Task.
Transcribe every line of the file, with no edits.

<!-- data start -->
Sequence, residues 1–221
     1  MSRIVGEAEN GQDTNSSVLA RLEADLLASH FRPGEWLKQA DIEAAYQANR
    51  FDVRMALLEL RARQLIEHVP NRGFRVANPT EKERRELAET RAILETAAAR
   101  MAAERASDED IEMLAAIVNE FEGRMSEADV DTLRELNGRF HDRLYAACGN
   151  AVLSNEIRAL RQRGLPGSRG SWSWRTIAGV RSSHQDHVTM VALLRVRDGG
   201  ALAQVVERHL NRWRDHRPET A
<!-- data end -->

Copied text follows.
Sequence, residues 1–221
     1  MSRIVGEAEN GQDTNSSVLA RLEADLLASH FRPGEWLKQA DIEAAYQANR
    51  FDVRMALLEL RARQLIEHVP NRGFRVANPT EKERRELAET RAILETAAAR
   101  MAAERASDED IEMLAAIVNE FEGRMSEADV DTLRELNGRF HDRLYAACGN
   151  AVLSNEIRAL RQRGLPGSRG SWSWRTIAGV RSSHQDHVTM VALLRVRDGG
   201  ALAQVVERHL NRWRDHRPET A